HH: All right, I didn’t think so. I thought when we were at Meet The Press that last time, you admitted as much. But I found an admission in The Road To Character which is truly shocking. You have actually read Ear. Pray. Love?

DB: All the way though. I’m the only man in America who read that book.

HH: You are the only man. Well, I described this, this weekend, to someone as Joseph Epstein meets Tim Keller. And I think you’ll probably like that, right?

DB: Yeah, those are two great people to be like.

HH: Well, you quote them both in the course of the book, but for the benefit of the audience at the beginning, this is about resume virtues and eulogy virtues. It’s about Johnny Unitas V. Joe Namath. It’s about Samuel Johnson V. Michel Montaigne, and Marshall V. Patton. I could go on and on, but I want to begin with really a tough question, David. In the Introduction, Roman Numeral XIII, “I wrote it to be honest to save my own soul.” What does that mean?

DB: Well, you know, I wasn’t in a sort of midlife crisis. If that was the case, I would have been fine with the car. The Porsche would have done it for me. But you know, we all try to be better. We all try to get better. And I would occasionally run across people who radiate an inner light, people who are just patient and calm and good, the sort of people who just show up for people. And you meet them, and when you see them, you’re just sort of amazed at how they’re so good, they’re just so joyful, they’re so happy, they’re so grateful for life. And my reaction always is, you know, I’ve achieved more career success than I ever thought I would, but I haven’t achieved that. And I don’t even know how you get that. I want to know how you go from being, you know, the normal mess most of us are in adolescence, to being a person of integrity, character, joy and spiritual tranquility. And so the book is about people who did that. And I just want to know how you do it. Continue Reading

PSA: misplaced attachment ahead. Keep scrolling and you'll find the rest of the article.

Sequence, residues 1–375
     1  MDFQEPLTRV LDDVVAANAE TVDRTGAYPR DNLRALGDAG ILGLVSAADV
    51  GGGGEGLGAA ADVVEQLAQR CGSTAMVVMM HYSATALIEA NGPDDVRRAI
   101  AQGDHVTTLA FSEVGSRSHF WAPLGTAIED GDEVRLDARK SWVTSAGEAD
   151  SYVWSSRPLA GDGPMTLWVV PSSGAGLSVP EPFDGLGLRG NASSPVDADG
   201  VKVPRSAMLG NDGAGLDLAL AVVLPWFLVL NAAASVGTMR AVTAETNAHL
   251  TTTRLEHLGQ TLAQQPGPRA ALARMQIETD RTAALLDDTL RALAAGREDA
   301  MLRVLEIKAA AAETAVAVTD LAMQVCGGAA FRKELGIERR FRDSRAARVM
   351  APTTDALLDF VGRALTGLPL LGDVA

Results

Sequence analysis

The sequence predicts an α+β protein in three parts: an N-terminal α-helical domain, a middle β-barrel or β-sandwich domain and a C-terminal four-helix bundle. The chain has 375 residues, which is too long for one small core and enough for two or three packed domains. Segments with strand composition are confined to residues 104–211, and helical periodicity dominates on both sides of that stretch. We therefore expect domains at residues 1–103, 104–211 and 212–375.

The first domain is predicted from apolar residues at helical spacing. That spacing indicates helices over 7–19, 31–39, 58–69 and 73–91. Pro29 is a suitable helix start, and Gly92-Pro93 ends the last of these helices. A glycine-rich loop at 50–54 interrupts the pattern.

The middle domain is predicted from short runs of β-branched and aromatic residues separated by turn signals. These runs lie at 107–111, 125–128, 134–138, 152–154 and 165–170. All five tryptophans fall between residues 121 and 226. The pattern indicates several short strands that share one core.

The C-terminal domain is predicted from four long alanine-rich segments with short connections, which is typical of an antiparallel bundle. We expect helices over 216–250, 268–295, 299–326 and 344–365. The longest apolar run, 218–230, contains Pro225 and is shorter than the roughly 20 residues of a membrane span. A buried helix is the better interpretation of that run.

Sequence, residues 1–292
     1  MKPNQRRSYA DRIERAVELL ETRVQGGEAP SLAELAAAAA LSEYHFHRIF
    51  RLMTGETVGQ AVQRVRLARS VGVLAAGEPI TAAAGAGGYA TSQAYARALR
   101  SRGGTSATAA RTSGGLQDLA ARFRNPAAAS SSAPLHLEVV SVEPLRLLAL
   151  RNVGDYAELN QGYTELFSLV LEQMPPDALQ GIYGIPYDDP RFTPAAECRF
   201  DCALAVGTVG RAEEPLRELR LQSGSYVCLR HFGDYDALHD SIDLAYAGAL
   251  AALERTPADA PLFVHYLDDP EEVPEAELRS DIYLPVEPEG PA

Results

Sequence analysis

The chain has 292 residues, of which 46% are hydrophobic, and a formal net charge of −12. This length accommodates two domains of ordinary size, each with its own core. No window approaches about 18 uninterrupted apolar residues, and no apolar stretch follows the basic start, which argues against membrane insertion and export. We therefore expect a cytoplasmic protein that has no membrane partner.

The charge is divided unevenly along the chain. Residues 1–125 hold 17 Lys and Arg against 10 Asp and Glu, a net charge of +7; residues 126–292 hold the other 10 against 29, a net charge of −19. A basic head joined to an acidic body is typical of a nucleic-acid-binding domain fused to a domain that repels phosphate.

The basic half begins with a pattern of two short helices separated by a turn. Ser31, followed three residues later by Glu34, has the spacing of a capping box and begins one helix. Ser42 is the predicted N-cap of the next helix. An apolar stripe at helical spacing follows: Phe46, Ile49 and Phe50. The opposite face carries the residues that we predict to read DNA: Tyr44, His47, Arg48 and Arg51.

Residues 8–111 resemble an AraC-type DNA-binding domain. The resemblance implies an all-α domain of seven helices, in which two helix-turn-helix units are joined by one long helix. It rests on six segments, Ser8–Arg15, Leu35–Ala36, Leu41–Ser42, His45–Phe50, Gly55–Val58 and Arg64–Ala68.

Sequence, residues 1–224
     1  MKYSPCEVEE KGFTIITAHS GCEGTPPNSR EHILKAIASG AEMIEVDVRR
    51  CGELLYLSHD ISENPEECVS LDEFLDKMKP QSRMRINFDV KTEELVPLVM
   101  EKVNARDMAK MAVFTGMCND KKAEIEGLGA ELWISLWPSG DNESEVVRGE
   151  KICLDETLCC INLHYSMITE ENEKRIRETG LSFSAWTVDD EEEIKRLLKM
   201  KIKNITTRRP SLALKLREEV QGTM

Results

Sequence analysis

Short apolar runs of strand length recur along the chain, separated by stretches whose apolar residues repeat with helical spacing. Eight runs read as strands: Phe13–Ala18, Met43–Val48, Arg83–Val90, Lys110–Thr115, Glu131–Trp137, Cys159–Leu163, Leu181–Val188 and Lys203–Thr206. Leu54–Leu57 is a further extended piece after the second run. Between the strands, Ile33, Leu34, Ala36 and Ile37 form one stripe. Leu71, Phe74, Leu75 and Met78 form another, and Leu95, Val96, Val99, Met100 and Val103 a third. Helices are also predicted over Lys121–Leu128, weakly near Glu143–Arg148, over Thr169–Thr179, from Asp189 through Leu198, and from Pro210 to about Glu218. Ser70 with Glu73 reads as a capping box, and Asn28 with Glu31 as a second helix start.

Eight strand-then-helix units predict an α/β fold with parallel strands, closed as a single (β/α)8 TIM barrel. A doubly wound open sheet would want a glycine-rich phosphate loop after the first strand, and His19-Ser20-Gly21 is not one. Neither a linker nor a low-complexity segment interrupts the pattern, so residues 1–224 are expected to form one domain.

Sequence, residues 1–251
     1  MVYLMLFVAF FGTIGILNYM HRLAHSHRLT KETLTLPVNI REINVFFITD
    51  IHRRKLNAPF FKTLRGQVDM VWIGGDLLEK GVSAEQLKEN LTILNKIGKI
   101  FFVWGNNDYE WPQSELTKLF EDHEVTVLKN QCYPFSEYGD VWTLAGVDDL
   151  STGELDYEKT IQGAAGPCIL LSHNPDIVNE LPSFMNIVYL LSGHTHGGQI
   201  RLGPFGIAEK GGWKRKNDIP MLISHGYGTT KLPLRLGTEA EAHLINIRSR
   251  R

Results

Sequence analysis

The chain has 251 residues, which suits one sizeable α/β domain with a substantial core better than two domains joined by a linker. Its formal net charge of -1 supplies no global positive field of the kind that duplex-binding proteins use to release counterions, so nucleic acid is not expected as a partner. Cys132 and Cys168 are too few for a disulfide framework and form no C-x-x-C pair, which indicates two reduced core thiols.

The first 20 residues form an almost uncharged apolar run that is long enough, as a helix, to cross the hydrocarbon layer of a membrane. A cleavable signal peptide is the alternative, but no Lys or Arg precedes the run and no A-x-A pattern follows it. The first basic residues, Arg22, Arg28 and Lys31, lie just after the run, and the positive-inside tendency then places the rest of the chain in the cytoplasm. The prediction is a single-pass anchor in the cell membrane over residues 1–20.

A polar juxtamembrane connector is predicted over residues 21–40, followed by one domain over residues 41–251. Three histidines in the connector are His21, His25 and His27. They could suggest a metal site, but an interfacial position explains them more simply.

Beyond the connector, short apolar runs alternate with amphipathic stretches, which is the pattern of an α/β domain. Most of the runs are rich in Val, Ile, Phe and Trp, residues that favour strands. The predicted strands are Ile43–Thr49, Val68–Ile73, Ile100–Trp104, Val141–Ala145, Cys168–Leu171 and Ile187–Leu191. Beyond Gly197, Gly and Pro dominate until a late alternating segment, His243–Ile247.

“Knocking Out New York’s Bullyboy Leftist” By Clark S. Judge

Monday, May 18, 2015  |  posted by Hugh Hewitt

The weekly column from Clark Judge:

“Knocking Out New York’s Bullyboy Leftist”
By Clark S. Judge: managing director, White House Writers Group, Inc.; chairman, Pacific Research Institute

It is not often that black tie awards dinners serve as a round in a prizefight. Last Monday New York City’s Manhattan Institute held is annual Alexander Hamilton Dinner and used the occasion to deliver intellectual knockout blows against the city’s radical leftist mayor William de Blasio and his circle.

To do so, the Institute honored George Kelling, co-author of “Broken Windows Policing,” perhaps the most important American article on crime prevention ever published, and Eva Moskowitz, founder and CEO of Success Academy Charter School. Both Kelling’s police tactics – take civic order seriously, stop petty criminals from creating a climate of lawlessness in neighborhoods – and Moskowitz’ education tactics – expect the highest level of achievement from children regardless of family background, insist on students developing full English proficiency – have come under fire from those around the mayor since Mr. de Blasio took office in January 2014. Continue Reading